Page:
By Helen Shone, Sage HR Advice
There’s a business mantra that states a happy worker is a productive worker. But happiness is hard to quantify and even more difficult to create.
As an employer, you can’t just tell everyone to be happier and watch your profits grow. Unfortunately, it just doesn’t work that way. So what can you do? The first step is to find out what makes your employees happy at work, and build on that.
Getting along famously
A recent study by Samaritans and Simplyhealth concluded that forming positive relationships with colleagues is the most fulfilling part of a job.
The survey of over 1,400 workers revealed that 42% said that getting on well with their co-workers helped them to feel good at work.
The next most common reason for feeling good at work was having a positive work/life balance (40%), followed by receiving praise for a job well done (26%).
In comparison, only 14% said that hitting their targets was their top factor for feeling good at work.
Creating a culture
So this is a great place to start. Again, you can’t make people like each other, but you can increase the likelihood right at the beginning of the employment cycle.
Increasingly, companies see culture as one of the most important parts of the candidate selection process. Assuming that a candidate has the suitable qualifications and attributes for a job, have you considered giving them a tour of your workplace?
It’s sometimes a good idea to let them meet and chat to a selection of your existing employees, to see how they integrate with the culture of your business. It’s as much about an applicant getting to know your business as the other way round.
If there’s a positive reaction from everyone involved, then you can be fairly confident that they will all get on if the candidate takes the job.
The all-important work/life balance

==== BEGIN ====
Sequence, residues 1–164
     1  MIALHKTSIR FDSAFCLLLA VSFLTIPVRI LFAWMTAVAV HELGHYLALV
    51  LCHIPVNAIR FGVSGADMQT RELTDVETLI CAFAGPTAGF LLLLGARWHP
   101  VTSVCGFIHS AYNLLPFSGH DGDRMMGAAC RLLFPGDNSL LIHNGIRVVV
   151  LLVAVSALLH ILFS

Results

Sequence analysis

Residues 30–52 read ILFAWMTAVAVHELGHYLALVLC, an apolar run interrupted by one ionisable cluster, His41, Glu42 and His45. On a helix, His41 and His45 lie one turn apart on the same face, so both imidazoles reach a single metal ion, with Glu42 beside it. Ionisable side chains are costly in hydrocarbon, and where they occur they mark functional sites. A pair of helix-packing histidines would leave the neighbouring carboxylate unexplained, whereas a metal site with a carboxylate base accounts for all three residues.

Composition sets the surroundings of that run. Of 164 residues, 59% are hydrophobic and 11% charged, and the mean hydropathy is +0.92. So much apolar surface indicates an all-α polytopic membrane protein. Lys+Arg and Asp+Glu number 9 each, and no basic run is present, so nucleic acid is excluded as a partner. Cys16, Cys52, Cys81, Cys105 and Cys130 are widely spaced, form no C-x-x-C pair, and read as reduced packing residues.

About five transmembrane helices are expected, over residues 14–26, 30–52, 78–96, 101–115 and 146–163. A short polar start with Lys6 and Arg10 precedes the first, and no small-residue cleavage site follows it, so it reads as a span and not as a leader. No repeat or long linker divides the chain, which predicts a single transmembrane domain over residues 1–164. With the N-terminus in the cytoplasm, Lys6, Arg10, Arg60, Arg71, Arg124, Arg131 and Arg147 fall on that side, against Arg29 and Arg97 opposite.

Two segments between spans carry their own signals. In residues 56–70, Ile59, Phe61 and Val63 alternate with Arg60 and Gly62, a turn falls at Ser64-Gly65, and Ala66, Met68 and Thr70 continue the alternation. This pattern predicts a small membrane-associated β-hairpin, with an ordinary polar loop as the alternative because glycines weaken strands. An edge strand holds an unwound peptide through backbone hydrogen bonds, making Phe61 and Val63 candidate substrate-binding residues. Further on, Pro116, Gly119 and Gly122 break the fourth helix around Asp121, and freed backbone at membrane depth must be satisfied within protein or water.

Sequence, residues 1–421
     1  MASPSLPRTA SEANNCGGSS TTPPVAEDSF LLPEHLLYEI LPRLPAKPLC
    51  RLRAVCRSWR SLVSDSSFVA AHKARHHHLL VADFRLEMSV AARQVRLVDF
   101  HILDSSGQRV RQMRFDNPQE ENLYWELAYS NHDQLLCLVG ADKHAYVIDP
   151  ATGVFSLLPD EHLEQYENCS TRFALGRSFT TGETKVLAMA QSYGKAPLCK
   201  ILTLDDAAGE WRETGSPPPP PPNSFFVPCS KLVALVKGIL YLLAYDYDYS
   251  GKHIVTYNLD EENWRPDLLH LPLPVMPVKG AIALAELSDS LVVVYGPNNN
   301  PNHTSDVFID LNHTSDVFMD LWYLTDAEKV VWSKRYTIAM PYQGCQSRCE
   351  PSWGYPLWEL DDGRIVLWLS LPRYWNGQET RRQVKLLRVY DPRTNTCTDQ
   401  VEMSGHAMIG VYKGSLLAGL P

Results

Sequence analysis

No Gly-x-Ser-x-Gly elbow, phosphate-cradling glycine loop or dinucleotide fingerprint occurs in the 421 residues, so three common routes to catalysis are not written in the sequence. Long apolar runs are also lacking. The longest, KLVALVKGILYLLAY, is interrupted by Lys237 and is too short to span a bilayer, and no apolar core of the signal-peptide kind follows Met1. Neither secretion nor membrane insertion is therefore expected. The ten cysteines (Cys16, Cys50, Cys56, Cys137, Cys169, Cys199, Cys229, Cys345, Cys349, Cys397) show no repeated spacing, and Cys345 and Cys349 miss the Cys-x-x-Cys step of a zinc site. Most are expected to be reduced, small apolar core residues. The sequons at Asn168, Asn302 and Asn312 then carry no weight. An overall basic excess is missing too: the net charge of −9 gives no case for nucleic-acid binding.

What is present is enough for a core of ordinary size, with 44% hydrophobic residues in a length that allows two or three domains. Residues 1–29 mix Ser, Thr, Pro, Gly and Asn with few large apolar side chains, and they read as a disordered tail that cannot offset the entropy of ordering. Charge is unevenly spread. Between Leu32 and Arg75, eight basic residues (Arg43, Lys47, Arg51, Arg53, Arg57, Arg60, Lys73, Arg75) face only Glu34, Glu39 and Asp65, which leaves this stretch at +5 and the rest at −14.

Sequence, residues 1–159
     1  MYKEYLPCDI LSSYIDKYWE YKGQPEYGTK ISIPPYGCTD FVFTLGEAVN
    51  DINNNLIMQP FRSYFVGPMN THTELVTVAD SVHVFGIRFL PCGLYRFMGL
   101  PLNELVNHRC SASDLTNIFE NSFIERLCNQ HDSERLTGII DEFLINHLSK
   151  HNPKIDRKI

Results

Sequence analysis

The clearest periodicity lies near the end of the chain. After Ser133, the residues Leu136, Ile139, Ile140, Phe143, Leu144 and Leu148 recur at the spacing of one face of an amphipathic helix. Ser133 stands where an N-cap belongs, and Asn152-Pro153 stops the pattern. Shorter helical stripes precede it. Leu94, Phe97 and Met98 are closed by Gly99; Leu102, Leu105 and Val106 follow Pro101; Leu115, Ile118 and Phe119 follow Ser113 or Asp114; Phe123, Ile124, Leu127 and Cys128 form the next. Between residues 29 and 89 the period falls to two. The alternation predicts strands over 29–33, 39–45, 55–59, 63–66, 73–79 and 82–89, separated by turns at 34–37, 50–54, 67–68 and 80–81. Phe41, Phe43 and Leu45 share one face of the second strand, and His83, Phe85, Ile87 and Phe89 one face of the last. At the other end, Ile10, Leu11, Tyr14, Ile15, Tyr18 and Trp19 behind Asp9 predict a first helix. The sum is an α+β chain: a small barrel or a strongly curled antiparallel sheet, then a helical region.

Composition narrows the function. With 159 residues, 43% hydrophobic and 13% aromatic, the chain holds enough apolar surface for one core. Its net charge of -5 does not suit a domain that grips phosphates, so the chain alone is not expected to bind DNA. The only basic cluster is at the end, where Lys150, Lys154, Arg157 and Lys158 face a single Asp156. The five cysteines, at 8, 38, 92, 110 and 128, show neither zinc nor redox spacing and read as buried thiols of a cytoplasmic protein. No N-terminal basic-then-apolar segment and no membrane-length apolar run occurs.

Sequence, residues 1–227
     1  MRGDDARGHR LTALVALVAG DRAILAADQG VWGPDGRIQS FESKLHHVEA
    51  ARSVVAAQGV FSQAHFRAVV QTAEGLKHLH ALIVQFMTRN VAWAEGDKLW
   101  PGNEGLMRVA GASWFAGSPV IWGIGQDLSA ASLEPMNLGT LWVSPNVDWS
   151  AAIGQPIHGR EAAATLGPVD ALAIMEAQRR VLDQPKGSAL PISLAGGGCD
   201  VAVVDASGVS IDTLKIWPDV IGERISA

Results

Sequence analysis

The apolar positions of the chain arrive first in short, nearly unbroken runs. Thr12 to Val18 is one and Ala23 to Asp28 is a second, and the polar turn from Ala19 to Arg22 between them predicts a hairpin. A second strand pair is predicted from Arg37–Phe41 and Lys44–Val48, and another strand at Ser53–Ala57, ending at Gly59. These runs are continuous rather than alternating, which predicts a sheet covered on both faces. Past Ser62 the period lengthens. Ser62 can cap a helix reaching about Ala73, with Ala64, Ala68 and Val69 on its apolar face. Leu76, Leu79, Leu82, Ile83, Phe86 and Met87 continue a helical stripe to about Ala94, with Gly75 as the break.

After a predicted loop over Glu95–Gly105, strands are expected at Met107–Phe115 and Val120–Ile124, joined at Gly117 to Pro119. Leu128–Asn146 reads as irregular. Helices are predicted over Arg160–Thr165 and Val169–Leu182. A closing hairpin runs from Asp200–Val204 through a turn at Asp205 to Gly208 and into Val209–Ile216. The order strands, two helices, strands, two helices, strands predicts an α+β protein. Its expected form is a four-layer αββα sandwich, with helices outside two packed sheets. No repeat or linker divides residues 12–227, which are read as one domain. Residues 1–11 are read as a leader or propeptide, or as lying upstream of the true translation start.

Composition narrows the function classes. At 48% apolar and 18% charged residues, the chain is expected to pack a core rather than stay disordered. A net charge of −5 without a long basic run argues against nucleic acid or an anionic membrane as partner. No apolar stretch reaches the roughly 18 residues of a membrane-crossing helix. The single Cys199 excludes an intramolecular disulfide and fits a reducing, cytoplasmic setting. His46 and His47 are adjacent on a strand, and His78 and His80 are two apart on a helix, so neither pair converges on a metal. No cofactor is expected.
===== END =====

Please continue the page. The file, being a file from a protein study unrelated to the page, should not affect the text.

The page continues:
Improving the work/life balance is an area with many different factors, some of which are more suitable to your businesses than others.
Some of the many ways to develop your employees’ work/life balance can be very inexpensive, or even free, with hardly any resource costs. Other than happier employees, the benefits can include:
- Lower employee turnover, meaning reduced recruitment and training costs
- Becoming a more reputable employer
- Reduced absenteeism and sickness absence
- Enhanced loyalty and commitment
Some strategies that you could think about include:
- Organising open days or social events that encourage the participation of employees’ families
- Introducing flexible work hours
- Arranging optional activities, such as a walk at lunch or after work
- Relaxing dress codes, perhaps just on a Friday
- Discouraging employees from working on weekends or staying back late if not necessary
- Finding out about childcare services close to your business for your employees
- Meaningful keep-in-touch programs for employees on maternity, parental or any other form of extended leave.
Perhaps the most important strategy is to talk to your employees, finding out exactly what would make them happier in the workplace. Once you know the kind of changes that you could make, you could be on your way to a happier and more productive workforce.
For more information on employee rights and your duties as an employer take a product tour of Sage HR Advice.